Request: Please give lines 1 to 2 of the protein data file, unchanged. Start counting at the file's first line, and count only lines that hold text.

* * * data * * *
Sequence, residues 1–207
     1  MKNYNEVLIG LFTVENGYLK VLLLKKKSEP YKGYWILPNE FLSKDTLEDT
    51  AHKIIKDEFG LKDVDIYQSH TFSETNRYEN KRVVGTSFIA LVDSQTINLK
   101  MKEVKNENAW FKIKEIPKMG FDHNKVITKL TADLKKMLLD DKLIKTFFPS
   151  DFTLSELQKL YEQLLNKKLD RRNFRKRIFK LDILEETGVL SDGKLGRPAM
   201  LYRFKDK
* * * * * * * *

Sequence, residues 1–207
     1  MKNYNEVLIG LFTVENGYLK VLLLKKKSEP YKGYWILPNE FLSKDTLEDT